Even worse: if we make a typo, the error will not be detected as the
syntax is still valid. Properties and dynamic binding do not mix.





Dec 13 '07 #65
Duncan Booth wrote:
Unfortunately as currently implemented, getter setter and deleter just
update the existing property, so the getter defined in B changes how the
property works in A as well. I think the intention may have been that they
should create a new property each time, but this isn't what has been
implemented.
Thanks for the information! I've talked to Guido and we both agree that
it is a bug. I've a pending fix for it at my hands.

Christian

Dec 14 '07 #66
Duncan Booth wrote:
Unfortunately as currently implemented, getter setter and deleter just
update the existing property, so the getter defined in B changes how the
property works in A as well. I think the intention may have been that they
should create a new property each time, but this isn't what has been
implemented.
Thanks for the information! I've talked to Guido and we both agree that
it is a bug. I've a pending fix for it at my hands.

Christian

Dec 14 '07 #67
On Thu, 13 Dec 2007 13:35:24 -0800, sturlamolden wrote:
On 13 Des, 19:16, "Chris Mellon" <arka...@gmail. comwrote:
>I don't feel that it's especially inconsistent, and I like decorators.
Having to write foo everywhere isn't that nice, but it's only mildly
worse than C# to me - I find the extra block levels really atrocious.

Personally I find properties atrocious and unsafe. One cannot
distinguish between a function call and binding an attribute in a
statement like:

foo.bar = 2 # Does this call a function or bind an attribute?
# Is this foo.setBar(2) or setattr(foo,'ba r',2)?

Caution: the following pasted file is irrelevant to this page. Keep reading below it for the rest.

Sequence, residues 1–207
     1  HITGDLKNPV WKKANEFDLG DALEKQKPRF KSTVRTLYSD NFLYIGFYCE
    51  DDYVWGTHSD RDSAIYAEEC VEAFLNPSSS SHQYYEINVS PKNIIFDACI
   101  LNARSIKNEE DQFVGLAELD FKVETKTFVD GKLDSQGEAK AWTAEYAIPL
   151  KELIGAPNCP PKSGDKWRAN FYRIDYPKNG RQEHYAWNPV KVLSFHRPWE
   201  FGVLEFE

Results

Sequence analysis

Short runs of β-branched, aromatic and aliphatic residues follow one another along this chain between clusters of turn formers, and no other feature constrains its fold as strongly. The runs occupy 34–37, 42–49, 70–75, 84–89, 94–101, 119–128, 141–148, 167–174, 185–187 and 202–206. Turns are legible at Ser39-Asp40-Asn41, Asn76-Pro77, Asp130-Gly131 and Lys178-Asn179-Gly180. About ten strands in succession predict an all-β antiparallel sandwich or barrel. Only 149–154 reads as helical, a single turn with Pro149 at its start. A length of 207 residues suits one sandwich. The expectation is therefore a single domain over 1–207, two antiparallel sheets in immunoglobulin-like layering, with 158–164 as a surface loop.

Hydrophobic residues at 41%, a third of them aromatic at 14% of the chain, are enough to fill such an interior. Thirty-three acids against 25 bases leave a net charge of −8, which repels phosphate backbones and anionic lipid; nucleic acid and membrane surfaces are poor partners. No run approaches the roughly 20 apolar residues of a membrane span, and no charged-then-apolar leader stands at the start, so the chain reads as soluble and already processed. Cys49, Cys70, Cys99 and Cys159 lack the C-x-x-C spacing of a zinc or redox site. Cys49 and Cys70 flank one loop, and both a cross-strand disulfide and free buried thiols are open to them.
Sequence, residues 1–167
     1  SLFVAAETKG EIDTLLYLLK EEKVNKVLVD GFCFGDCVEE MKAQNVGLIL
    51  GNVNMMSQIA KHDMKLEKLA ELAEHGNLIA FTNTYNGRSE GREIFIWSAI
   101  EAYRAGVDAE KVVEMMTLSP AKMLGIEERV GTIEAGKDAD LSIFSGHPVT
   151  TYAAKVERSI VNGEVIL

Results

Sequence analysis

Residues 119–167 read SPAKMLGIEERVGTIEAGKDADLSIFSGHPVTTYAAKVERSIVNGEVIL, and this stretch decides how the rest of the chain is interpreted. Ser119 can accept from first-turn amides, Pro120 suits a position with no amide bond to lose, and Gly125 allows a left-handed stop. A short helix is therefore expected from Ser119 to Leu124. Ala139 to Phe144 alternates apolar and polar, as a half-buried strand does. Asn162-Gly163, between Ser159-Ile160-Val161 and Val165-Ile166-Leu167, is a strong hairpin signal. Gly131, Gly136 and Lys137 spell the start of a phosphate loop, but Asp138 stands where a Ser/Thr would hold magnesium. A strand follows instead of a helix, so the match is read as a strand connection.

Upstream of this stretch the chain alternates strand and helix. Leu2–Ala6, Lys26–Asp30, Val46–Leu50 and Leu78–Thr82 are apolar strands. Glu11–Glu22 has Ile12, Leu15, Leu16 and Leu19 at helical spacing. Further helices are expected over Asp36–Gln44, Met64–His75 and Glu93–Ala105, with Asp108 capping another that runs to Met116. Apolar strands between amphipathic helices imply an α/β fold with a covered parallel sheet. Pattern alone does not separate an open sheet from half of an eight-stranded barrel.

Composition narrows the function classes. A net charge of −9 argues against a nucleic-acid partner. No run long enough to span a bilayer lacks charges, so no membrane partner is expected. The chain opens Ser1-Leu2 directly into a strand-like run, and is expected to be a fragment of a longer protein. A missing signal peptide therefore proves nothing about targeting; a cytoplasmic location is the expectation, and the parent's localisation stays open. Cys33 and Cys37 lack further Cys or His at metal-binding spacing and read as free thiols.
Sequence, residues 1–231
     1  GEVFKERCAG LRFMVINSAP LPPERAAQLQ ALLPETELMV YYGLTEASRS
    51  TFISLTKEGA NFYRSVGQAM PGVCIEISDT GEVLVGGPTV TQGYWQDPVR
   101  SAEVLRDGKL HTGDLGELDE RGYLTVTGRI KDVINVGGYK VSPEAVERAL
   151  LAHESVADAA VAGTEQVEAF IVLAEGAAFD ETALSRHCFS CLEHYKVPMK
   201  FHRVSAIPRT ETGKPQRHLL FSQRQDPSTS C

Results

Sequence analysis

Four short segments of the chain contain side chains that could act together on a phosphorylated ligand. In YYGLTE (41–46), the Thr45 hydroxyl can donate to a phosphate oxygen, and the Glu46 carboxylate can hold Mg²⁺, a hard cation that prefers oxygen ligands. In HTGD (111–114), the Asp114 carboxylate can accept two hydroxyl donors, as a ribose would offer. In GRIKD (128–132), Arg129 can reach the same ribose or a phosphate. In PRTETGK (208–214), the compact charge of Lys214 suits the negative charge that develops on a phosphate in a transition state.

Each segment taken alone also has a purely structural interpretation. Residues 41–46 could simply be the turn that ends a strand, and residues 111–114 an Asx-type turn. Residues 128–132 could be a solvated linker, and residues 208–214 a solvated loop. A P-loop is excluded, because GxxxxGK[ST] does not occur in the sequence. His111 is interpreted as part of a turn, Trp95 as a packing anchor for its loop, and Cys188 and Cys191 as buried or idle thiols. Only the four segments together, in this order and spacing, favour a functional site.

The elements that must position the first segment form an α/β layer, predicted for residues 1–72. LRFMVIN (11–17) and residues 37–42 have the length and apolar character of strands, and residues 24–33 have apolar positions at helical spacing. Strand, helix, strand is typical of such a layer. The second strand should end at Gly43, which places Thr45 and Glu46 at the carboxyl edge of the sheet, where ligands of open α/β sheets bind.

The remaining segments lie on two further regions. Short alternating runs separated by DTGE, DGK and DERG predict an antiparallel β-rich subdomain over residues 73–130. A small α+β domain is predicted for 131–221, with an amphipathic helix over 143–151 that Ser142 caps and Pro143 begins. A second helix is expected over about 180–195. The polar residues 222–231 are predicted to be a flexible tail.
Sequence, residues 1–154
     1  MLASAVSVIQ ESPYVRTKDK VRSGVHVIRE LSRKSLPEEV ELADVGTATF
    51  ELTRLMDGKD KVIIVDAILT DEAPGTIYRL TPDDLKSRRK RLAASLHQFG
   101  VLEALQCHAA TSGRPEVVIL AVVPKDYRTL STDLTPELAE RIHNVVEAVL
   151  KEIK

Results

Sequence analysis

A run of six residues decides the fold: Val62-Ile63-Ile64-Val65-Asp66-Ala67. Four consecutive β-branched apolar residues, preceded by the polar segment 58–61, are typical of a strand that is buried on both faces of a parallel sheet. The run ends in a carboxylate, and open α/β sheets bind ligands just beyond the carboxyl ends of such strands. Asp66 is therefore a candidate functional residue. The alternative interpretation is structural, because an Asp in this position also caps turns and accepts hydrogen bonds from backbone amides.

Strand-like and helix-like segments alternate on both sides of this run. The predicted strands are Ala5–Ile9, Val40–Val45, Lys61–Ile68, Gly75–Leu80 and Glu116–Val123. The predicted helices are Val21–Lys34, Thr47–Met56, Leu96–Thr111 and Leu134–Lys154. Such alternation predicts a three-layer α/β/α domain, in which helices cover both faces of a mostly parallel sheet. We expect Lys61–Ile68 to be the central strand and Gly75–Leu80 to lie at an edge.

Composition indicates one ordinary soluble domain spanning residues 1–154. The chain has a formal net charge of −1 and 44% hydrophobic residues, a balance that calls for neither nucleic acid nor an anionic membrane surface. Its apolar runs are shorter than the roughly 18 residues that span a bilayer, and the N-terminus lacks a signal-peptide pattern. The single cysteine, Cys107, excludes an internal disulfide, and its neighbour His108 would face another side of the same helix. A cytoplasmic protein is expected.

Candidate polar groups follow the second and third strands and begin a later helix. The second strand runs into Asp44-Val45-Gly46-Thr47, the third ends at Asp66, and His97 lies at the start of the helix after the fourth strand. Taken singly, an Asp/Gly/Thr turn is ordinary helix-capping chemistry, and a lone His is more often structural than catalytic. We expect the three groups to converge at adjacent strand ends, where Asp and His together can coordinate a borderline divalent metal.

Why do you care?

As the class *creator*, you care, but as the class *user*, you shouldn't
need to -- at least assuming it is a well-written class. (You might care
if the class' setter has harmful side-effects, but that's no difference
from a class with a __setattr__ method with harmful side-effects.)

Even worse: if we make a typo, the error will not be detected as the
syntax is still valid. Properties and dynamic binding do not mix.
I'm not quite sure I understand that criticism. How is that different
from things which are not properties?

foo.baz = 2 # oops, I meant bar

will succeed regardless of whether foo.bar is an attribute or a property.

--
Steven
Dec 14 '07 #68
Steven D'Aprano wrote:
I'm not quite sure I understand that criticism. How is that different
from things which are not properties?

foo.baz = 2 # oops, I meant bar

will succeed regardless of whether foo.bar is an attribute or a property.
Unless it's a new style class with __slots__

Christian
Dec 14 '07 #69
Steven D'Aprano wrote:
I'm not quite sure I understand that criticism. How is that different
from things which are not properties?

foo.baz = 2 # oops, I meant bar

will succeed regardless of whether foo.bar is an attribute or a property.
Unless it's a new style class with __slots__

Christian

Dec 14 '07 #70